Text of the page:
Electric mobility should become the norm in Kenya as soon as yesterday. This will unlock thousands of decent jobs, manage our unsustainable cost of fuel and contribute immensely to better health.
Thankfully, these three targets are at the heart of Kenya Kwanza manifesto. Indeed, I suggest that electric mobility be prioritised by President William Ruto's administration.
To further appreciate why electric mobility is the way to go, let us take a quick trip to Norway. Imagine paying parking fees 50 per cent less than normal fees. Imagine also driving for free on the Nairobi expressway. This happens in Norway for electric vehicle motorists. They pay less parking and zero toll charges, among other tax exemptions.
It's no wonder Norway has the highest number of electric vehicles in the world per capita. Indeed, in 2020, electric cars in this Scandinavian country constituted nearly 75 per cent of all new car sales. The owners of these vehicles spend no money on fuel!
This vindicates the power of policies to boost electric vehicle sales. That's why Kenya must speedily enact and implement numerous pivotal electric car-friendly policies. For starters, there should be zero rating or exemption of import and excise duties not just on electric vehicles but also on their spare parts, batteries and charging station equipment. Incidentally, Rwanda adopted this policy measure in 2021.
Kenya shouldn't just focus on increased electric vehicle sales only but also local production. Just as mobile phones leapfrogged landlines and made it possible for most Kenyans to own phones, local production of electric vehicles can drastically increase vehicle ownership in the country. For this to happen though, the government must incentivise electric mobility investments.
A practical incentive entails reduction of corporate tax from 30 per cent to 20 per cent for the first five years for investors operating electric vehicles assembly plants and charging stations. This would accelerate local production by companies like Autopax Limited. India took similar action in 2017, leading to increased local production of electric vehicles.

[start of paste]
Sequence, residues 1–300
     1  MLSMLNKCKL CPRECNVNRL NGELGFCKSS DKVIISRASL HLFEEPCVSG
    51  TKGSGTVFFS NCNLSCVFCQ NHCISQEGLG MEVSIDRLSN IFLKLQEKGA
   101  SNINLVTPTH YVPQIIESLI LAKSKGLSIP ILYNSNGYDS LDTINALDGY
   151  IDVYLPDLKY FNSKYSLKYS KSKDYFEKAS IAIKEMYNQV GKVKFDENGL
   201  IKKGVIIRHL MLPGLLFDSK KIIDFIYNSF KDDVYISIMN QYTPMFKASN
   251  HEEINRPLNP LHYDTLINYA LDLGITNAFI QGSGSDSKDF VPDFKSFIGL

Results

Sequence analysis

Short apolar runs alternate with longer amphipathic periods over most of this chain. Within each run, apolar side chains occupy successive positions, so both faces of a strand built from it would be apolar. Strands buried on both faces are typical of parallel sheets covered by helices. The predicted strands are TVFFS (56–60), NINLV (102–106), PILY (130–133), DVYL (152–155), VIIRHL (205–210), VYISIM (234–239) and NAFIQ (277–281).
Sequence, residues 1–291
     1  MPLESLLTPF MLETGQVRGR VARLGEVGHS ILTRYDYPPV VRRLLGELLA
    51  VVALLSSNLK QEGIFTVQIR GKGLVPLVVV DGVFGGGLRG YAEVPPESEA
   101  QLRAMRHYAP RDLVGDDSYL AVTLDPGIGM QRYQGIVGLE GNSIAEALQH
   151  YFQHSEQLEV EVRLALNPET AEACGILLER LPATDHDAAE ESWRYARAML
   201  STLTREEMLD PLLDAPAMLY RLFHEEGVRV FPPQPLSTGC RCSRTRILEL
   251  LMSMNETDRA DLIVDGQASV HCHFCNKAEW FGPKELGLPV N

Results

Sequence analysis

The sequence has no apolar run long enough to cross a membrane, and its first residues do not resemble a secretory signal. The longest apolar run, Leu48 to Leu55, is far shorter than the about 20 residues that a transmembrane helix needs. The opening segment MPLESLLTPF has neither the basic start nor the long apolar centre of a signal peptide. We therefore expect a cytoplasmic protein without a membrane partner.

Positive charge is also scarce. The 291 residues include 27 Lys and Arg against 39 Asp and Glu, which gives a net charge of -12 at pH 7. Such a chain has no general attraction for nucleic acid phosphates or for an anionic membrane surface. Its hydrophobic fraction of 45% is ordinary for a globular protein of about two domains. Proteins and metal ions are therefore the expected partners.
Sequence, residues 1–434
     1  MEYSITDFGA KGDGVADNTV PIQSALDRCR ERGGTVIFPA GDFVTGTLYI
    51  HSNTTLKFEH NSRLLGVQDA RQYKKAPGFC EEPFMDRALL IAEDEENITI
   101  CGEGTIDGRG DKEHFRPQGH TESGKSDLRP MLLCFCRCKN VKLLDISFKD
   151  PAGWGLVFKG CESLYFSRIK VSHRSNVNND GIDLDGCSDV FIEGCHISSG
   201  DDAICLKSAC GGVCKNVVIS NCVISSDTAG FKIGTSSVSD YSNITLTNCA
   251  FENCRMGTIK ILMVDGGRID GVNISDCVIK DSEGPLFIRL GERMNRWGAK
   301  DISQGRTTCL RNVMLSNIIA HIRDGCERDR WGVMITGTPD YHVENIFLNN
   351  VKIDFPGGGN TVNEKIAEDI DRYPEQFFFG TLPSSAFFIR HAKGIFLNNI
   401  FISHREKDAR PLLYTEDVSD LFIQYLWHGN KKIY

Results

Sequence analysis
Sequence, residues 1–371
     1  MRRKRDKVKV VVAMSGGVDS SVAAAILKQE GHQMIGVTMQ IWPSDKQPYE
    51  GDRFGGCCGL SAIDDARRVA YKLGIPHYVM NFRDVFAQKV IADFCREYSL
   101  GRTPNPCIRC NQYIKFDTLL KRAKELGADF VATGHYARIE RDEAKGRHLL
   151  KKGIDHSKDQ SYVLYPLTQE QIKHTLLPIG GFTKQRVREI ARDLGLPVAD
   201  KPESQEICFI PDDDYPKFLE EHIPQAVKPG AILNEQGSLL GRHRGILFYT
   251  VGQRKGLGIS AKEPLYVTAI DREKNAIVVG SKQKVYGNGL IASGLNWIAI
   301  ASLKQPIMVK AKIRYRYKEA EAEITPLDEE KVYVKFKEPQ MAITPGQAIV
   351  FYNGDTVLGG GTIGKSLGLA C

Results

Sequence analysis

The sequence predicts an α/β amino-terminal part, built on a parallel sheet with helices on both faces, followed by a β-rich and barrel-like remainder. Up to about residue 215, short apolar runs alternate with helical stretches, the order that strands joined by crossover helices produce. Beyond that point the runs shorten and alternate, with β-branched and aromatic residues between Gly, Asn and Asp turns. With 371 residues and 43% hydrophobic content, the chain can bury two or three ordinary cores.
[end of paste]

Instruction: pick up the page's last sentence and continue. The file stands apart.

For local electric mobility to thrive, there is need for a corresponding local production of advanced batteries. That would significantly reduce electric vehicles' cost. As such, the government must incentivise billion-shilling investments into this sector.
In February this year, US President Joe Biden's administration announced plans of investing Sh360 billion to strengthen American supply chain for advanced batteries for vehicles and energy storage.
With the right incentives, Kenya can attract multi-billion shilling investments into local production of advanced batteries.
Even more relevant for Kenya and other African countries, electric motorbikes and motorcycles are now becoming accessible for ordinary consumers. Considering that Boda Boda business is one of Kenya's mainstays, there is a massive market for e-bikes. Their main attraction is their affordability to maintain which is why existing local makers must be fully supported.
Against this backdrop, Honda which is the world's largest motorcycle manufacturer, plans to introduce 10 or more electric motorcycle models globally by 2025. Further to this, it aims to increase annual sales of electric models to 1 million units within the next five years.
This speaks to the broad market opportunities of electric mobility. Just as is the case with electric cars, generous tax incentives will go a long way in enabling and expanding local production of electric motorcycles.
Apart from economic benefits, electric mobility will tackle the negative effects of climate change. This will tackle pollution-related diseases.
In 2021, research at Harvard University further confirmed that replacing petrol-powered vehicles with electric vehicles in cities could significantly reduce air pollution-related death and illness.
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Indeed, electric mobility can reduce our high cost of living as we also create jobs, save lives and boost our economy. Think green, act green!